There are the monsters in our imaginations, lurking in the shadows and haunting our dreams. But for children facing cancer, those monsters can be all too real.
To help these pediatric cancer patients take control, painter/sculptor Kent Caldwell, 28, came up with an art project that resulted in the exhibit “Forest Monsters,” set for Jan. 8-26 at the Sahara West Library, 9600 W. Sahara Ave. It will feature 3-D printed figurines created from the children’s designs.
“As I’ve gotten older, I realize how special it is to be a kid,” said Caldwell, a Summerlin-area resident. “I was fortunate and had a worry-free, really great childhood, so I thought, ‘These kids deserve that, too.’ ”0
Caldwell, who performs with Cirque du Soleil as a Chinese Poles specialist in “Mystere” at Treasure Island, worked with the Cure 4 The Kids Foundation and the Children’s Specialty Center of Nevada to find five children ages 8 to 15 to help him with the project. Each child came up with a concept drawing and worked with Caldwell to further finalize it until they liked the look. That was followed by painting it in watercolors and adding final details.
Initially, the exhibit was to have been downtown, but those plans fell through. When she learned the project was being done through a children’s cancer organization, Denise Alvarado, gallery services coordinator for the Las Vegas-Clark County Library District, said she made room for the exhibit at Sahara West, using space opposite the bookstore.
“Even the way he said it, that he didn’t want to (have to) break his promise (that there would be an exhibit), tugged at my heart,” she said.
The monsters featured are varied. One looks like a cyclops with multiple arms. Another resembles a birthday cake gone awry. There’s also a bat-like monster and one whose skin looks like tree bark. Another has the look of a rhinoceros.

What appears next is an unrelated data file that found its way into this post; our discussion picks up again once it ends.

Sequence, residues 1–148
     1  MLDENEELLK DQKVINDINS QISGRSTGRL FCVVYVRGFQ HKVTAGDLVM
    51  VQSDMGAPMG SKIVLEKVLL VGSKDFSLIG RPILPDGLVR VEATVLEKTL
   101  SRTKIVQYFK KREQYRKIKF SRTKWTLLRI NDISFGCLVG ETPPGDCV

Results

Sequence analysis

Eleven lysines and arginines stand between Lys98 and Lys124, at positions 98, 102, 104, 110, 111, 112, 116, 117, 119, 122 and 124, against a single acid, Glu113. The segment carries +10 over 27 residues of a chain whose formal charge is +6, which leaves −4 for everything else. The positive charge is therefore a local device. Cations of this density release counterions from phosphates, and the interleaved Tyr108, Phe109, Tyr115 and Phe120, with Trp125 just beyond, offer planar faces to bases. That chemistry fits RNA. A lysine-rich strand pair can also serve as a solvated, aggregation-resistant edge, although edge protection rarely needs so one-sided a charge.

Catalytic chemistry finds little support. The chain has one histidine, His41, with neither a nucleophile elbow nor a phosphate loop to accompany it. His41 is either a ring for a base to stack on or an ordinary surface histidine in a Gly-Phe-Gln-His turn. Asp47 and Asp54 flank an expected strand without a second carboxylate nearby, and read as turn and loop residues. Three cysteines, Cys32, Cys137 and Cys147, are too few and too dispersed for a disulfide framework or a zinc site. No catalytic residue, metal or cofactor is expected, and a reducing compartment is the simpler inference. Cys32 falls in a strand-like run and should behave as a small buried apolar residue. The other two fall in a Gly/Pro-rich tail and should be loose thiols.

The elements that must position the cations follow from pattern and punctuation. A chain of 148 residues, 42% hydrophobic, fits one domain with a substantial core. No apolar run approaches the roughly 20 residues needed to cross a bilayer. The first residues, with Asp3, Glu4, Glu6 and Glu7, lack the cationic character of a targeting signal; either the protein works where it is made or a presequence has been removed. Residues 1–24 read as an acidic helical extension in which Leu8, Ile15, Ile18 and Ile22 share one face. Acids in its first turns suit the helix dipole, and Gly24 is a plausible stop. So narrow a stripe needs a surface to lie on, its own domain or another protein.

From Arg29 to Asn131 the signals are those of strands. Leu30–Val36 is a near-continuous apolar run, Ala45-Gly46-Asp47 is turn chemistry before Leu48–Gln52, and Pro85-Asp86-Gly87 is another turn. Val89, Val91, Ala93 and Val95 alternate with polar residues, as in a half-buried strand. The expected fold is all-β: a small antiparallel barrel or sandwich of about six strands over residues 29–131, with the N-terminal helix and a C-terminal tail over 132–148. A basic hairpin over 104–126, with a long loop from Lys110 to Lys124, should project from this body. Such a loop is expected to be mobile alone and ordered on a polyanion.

“The youngest was really gung ho,” Caldwell said. “He did this really amazing drawing (of the cyclops), and he didn’t think it would be good enough. … I think his drawing was more amazing than my sculpting of it.”
To make the monsters three-dimensional, Caldwell used ZBrush, a computer program that allows one to build 3-D images from a base of polygon-like cells. Full Spectrum Laser, 6216 S. Sandhill Road, then used 3-D prototype printers to create the figurines in a resin material.
Kirsten Miller, 12, is affected by common variable immune deficiency. She has a port and receives infusions at the Children’s Specialty Center of Nevada, 3121 S. Maryland Parkway. Her mother, Whitney, said the project allowed her daughter to have the freedom to paint whatever she wanted.
How well did the final product portray her monster?
“It was beyond what she saw in her head,” Whitney Miller said. “When she saw it, she was at treatment, and treatment days are long and blah. But then Kent walked in with her sculpture, and she was, like, ‘Ahhh, oh my God.’ And she got to play with it.”
The beauty of 3-D printing means the children get to keep the originals, and subsequent generations of the pieces can be auctioned to help the cancer organizations.
An artist reception is planned from 2 to 3:30 p.m. Jan. 7 at the library. For more information, visit kentcaldwell.blogspot.com or call 702-507-3630. To see more of Caldwell’s work, visit kentcaldwell.com.
Contact Summerlin Area View reporter Jan Hogan at firstname.lastname@example.org or 702-387-2949.